Everyone has a right to privacy online, but children, in particular, may not understand some of the risks involved with being on the internet. Here are some effective ways to protect your family’s privacy on the internet.
A well-informed family is the first step. A family meeting should go over what kids should know about internet privacy, what is and isn’t OK for your family to share and why, and what should raise red flags when talking with strangers. Teach kids to ask themselves “Is this something the rest of my family would mind strangers knowing about?”
Rules and guidelines will also be useful, especially if you explain why those rules are in place. One common one many families use is “If I have to ask myself if this is OK to say, I shouldn’t say it.” Design the rules to be about thoughtfulness and courtesy, not secrecy. Kids should learn to ask questions of people to better understand their boundaries as part of growing up.
Check Your Settings
The more private social networks and chat apps are, the better. Limit these to friends and family you know in real life, and use operating system settings and parental control software to limit both access to certain apps and when they can be used, as well as configuring privacy settings.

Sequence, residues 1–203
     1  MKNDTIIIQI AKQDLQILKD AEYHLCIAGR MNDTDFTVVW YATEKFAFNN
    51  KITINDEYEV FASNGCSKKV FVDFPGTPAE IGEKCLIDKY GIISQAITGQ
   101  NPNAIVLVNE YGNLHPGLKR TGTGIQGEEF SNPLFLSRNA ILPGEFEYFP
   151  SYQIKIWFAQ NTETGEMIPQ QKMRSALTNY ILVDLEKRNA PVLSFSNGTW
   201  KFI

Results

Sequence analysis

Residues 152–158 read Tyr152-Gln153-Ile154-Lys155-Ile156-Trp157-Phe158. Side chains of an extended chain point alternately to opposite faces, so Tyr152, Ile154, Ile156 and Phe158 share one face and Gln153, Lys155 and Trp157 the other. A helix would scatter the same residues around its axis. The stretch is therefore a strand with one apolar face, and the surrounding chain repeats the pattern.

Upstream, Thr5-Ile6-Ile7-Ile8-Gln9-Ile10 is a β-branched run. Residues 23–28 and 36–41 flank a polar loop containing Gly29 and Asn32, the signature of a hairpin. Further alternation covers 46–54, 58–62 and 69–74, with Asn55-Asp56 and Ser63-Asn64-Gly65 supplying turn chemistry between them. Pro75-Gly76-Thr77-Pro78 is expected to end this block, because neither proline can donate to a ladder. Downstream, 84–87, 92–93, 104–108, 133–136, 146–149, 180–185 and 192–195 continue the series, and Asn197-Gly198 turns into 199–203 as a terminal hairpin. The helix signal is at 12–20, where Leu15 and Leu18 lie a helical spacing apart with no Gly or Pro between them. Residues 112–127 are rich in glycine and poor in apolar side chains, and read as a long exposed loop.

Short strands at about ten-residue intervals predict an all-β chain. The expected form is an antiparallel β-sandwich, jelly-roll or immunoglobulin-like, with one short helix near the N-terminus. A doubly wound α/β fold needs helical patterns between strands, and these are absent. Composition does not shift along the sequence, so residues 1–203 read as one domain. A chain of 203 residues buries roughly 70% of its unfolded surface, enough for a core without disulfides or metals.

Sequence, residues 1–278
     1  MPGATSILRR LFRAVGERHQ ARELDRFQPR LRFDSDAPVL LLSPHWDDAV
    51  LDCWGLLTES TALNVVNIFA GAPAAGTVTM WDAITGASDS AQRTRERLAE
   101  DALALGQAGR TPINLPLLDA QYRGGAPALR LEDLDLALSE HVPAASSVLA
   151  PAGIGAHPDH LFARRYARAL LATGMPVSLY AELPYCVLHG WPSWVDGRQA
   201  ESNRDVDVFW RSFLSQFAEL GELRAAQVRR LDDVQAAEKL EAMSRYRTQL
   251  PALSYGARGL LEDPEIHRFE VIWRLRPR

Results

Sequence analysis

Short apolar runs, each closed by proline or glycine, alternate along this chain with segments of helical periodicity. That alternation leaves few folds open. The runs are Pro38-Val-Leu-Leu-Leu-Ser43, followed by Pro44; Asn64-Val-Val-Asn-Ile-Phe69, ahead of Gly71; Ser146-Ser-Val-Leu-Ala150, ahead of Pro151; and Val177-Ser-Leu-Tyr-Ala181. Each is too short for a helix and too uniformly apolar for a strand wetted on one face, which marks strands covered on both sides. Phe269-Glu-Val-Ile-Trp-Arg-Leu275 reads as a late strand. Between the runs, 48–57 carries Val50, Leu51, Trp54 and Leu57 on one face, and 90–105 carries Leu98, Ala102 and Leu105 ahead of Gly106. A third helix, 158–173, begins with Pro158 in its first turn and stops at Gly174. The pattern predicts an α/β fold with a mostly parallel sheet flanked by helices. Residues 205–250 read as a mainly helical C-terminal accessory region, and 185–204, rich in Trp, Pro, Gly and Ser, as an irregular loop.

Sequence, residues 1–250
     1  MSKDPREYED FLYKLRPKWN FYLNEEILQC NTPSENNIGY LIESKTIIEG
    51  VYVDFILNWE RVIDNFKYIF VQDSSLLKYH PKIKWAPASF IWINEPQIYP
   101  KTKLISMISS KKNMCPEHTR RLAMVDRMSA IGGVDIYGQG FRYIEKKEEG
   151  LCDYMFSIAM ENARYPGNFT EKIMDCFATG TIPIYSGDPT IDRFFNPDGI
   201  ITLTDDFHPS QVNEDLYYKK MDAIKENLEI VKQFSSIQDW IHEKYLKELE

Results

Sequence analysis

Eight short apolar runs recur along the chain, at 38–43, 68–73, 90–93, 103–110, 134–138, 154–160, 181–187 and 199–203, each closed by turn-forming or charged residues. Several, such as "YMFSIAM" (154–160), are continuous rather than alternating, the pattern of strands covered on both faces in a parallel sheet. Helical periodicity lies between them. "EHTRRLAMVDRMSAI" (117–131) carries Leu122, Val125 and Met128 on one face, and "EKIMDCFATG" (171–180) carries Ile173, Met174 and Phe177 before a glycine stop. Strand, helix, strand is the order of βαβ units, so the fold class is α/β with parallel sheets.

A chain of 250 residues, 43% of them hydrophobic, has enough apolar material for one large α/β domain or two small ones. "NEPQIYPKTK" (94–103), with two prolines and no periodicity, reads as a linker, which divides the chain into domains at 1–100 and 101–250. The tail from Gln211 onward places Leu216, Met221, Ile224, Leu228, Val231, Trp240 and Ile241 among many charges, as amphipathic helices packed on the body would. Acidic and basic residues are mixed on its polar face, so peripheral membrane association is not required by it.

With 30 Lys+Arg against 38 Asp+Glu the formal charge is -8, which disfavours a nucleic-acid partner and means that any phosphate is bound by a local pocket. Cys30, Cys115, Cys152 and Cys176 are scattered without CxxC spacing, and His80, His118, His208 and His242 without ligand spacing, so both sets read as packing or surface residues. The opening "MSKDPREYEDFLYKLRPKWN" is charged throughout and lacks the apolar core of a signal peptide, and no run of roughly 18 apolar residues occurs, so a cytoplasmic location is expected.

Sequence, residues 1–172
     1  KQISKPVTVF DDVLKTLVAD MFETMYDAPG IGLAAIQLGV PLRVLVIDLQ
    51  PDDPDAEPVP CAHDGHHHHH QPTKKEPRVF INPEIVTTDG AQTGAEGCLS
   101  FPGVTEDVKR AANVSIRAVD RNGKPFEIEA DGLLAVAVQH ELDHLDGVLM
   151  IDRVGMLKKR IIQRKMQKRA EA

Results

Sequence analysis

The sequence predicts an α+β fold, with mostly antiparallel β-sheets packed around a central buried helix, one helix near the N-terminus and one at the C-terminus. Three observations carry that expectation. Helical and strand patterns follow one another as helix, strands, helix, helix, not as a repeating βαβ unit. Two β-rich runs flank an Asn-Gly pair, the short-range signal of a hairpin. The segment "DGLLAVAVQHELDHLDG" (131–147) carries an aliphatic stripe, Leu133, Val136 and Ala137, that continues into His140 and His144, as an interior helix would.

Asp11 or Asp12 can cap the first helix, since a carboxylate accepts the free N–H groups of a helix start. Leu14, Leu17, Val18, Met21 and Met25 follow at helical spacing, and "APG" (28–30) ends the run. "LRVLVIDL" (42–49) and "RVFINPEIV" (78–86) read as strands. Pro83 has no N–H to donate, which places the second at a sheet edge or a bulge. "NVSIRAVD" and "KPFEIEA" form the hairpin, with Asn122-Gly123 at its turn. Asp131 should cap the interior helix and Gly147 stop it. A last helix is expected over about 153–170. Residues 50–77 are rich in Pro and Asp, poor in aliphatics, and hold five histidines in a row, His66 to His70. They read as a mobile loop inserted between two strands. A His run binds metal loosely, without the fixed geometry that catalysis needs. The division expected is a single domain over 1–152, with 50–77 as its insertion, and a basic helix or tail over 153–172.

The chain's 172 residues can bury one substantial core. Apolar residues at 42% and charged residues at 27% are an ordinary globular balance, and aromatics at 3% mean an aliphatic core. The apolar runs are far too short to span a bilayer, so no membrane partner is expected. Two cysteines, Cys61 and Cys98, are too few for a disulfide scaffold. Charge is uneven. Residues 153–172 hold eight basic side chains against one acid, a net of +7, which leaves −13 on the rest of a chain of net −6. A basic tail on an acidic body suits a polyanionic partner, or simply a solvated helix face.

Read the Fine Print
Many apps will request “permissions” that don’t seem necessary, such as access to your contacts. Even if they have a good reason for asking for this data, think carefully before allowing it to be offered. Once you grant these permissions, they’re granted for good. Similarly, read the end user license agreement (EULA) for software to see what you’re accepting.
Know the Laws
Kids have certain protections that adults don’t on the internet under laws such as the Child Online Privacy Protection Act (COPPA.) Familiarize yourself with the laws that apply, so your family knows its rights if information is out there you’d prefer to keep private.
Think Before Posting
Many parents will share funny stories and photos of their kids without thinking twice. Yet consider for a moment that those stories will be online forever. Is this something your family will want out there when the kids are all grown up?
Check For Unexpected Information
You’d be surprised how much information can be drawn from a simple picture, depending not just on what the subject is, but the setting, what’s in the background, what people are wearing, and more. Before putting up a photo or sharing some information about a family member, think for a moment about what people may be able to conclude about them from what you’re sharing.
As you can see, this is a complicated topic, and it’s only going to become more so as children grow, technology changes, and our approach to what technology is necessary in society evolves. Parental control software can help you manage in a changing world. To learn more, try it for free!